A recent article showed that music-streaming services that pay artists per play are actually causing a change in the structure of pop music, as musicians and producers optimize tracks to achieve high play counts. Songs are becoming shorter and intros are disappearing in favour of punchy chorus lead-ins to engage listeners before they swipe on to the next track. In the same way these streaming services are actually changing the type of content produced, the phenomenon is also happening in the visual sphere, with a new kind of experiential visitor attraction growing up around Instagram. These destinations, such as @museumoficecream or @wearehappyplace, go into interior-design overdrive, bringing together immersive, hypercolour themed rooms for the sole purpose of being ‘grammed.

Inside these 21st-century playgrounds for image-conscious adults, one does not find rides or games, but instead a series of environments and installations which serve as scenes and backgrounds for photos. The Museum of Ice Cream, which opened in New York in 2016 (and is now in San Francisco) is generally attributed as being the first of these venues, and featured giant popsicles, a banana room and a sprinkle pool, mostly co-ordinated in shades of pink . Since then, dozens of insta-museums have opened around the world – permanent, pop-up and travelling. In Toronto, HideSeek’s installations are meant to "to make you feel like a kid again,” while Eye Candy lets you take aspirational photos in a room set up to look like a private jet. Insta-museums are set for maximum optical stimulation with interactive elements: Pirouette inside an oversized snow globe, get dizzy in a mirror maze or dive into a pool-sized ball pit.

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San Francisco, 2017: Visitors enjoy the opening party of the Museum of Ice Cream. The brightly coloured exhibit started as a pop-up in New York a year earlier.

Kelly Sullivan/Getty Images for Museum of Ice Cream

Toronto, 2018: Staffers Karlena Waugh, Yennifer Diaz and Greg Blackmore demonstrate the confetti room at The Happy Place the day before the immersive exhibit's opening at the Harbourfront Centre.

Melissa Tait/The Globe and Mail

Houston, 2019: At the opening preview for Houston's Candytopia exhibit, candy reproductions of famous works of art, from Leonardo da Vinci's Mona Lisa to August Rodin's The Thinker, line the walls around a candy sphinx.

Bob Levey/Getty Images for Candytopia

While there’s plenty of fun to be had, there’s also a certain amount of anxiety induced by trying to look like you’re having as much fun as everyone else on the venue’s Instagram channel. What these often self-labelled museums lack is a sense of autonomous thought and critical-mindedness. To be fair, they don’t propose to be galleries of contemporary art, nor aim to replace “traditional” museum and gallery spaces.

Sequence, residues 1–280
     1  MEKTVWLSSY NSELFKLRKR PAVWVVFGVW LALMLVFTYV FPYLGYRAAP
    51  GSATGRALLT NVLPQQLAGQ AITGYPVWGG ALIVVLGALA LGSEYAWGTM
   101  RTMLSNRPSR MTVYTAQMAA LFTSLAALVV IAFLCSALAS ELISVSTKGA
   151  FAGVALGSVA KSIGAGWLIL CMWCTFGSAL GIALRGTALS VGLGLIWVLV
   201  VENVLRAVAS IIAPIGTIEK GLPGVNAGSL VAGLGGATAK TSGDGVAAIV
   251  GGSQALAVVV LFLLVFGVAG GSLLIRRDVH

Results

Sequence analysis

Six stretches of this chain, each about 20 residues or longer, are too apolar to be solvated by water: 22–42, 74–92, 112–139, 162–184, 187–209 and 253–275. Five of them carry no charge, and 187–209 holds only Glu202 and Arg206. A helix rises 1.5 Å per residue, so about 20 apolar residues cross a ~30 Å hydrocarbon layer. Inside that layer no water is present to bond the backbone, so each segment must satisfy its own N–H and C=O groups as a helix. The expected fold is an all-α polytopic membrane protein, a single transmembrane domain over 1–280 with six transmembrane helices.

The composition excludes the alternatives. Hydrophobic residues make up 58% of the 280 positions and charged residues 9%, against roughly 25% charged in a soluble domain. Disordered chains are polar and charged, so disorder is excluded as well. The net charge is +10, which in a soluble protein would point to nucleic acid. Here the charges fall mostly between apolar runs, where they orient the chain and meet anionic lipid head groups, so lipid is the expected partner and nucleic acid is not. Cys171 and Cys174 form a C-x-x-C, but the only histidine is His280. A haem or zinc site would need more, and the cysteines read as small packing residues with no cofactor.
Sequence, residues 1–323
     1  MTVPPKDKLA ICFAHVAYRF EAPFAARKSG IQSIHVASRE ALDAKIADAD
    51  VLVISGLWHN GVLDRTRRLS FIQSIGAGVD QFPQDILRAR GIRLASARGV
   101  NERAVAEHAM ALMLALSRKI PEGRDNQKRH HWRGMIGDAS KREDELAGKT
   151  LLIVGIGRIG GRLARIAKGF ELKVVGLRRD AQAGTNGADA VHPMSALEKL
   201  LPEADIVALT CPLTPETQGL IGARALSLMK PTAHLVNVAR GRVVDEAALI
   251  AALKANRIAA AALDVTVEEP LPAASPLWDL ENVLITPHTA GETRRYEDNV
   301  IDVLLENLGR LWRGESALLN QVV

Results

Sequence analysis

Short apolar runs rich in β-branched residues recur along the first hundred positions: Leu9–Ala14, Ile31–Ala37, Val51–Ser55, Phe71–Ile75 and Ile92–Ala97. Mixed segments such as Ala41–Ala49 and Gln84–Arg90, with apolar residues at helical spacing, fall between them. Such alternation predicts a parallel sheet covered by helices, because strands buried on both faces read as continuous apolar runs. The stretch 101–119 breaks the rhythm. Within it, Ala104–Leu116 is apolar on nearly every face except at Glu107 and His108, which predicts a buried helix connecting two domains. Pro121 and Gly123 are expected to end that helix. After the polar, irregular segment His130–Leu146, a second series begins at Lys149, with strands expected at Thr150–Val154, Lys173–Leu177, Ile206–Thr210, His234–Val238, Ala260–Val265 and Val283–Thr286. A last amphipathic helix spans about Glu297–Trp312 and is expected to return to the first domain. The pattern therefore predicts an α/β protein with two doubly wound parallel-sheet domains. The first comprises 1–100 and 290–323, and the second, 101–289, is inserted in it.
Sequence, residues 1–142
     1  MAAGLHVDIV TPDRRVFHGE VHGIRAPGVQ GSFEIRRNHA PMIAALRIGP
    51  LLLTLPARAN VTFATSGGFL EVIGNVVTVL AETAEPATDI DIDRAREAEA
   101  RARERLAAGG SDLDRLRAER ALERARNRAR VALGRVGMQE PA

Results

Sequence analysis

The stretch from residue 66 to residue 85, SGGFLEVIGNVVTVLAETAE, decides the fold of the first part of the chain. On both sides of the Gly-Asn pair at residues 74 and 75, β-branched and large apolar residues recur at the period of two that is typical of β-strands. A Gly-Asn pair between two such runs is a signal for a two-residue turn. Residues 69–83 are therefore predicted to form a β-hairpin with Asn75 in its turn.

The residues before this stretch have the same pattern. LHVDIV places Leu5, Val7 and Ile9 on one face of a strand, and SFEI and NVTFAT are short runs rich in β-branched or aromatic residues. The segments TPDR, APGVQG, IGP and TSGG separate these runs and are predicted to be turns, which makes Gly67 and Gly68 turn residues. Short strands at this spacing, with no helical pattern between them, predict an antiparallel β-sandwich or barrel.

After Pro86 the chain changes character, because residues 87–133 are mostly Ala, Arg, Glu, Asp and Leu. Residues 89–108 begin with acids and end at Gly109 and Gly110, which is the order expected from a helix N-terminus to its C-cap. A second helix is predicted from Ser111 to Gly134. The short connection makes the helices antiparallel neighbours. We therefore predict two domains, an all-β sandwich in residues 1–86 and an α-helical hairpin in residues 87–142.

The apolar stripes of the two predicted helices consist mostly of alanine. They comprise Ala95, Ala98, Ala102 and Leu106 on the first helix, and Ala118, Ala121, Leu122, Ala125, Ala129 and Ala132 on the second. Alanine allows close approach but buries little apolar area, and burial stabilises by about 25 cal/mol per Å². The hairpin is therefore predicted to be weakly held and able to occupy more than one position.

The experience that insta-museums offer is perhaps actually not such a new idea; not unlike a prop-filled turn-of-the-century portrait studio, they provide imaginative and surreal backdrops for staged photographs. Instead of wearing formal attire and pretending to board a steamer to cross the Atlantic, people today stick their heads through a giant pizza-slice cutout that stands in a landscape of toppings and mozzarella. These attractions are also there to make money – a number of pop-up experiences are themed according to a sponsoring brand’s identity and are heavily badged with company logos and hashtags. Theirs is an act of consumptive reification rather than one of enquiry – of entertainment and not art. Recently, I was bowled over to discover that one venue in New York charges US$40 admission – substantially more than the much-maligned entrance fee of the Museum of Modern Art.

The combination of late capitalism and a culture of aspiration has led to the privileging of experience, what business entrepreneurs B. Joseph Pine II and James Gilmore called “the Experience Economy.” As they saw it, this consumer-focused epoch evolved out of the service economy, with successful businesses borrowing from theatre to stage and perform their products in order to generate an emotional response in the consumer. Mr. Pine and Mr. Gilmore published their book The Experience Economy back in 1999 – the iPhone hadn’t been invented yet, and social media was still in its infancy. Twenty years on, much of what they proposed or foreshadowed is fully in evidence on Instagram: from acrobatic yoga poses (#yogaeverydamnday) to humble-brag beach vacations (#sorrynotsorry) to gratuitous shots of well-presented entrées (#foodporn). If the Experience Economy relies on theatricality, then with each post a user performs a glimpse of their online persona, sending #FOMO waves of jealousy rippling through the ether.

Visitors pose at Vinyl Museum in Tokyo in 2018. The museum was designed to attract young women who are interested in taking pictures of themselves with the installations and uploading them to social media, the art director of the museum said.

Kim Kyung-Hoon/Reuters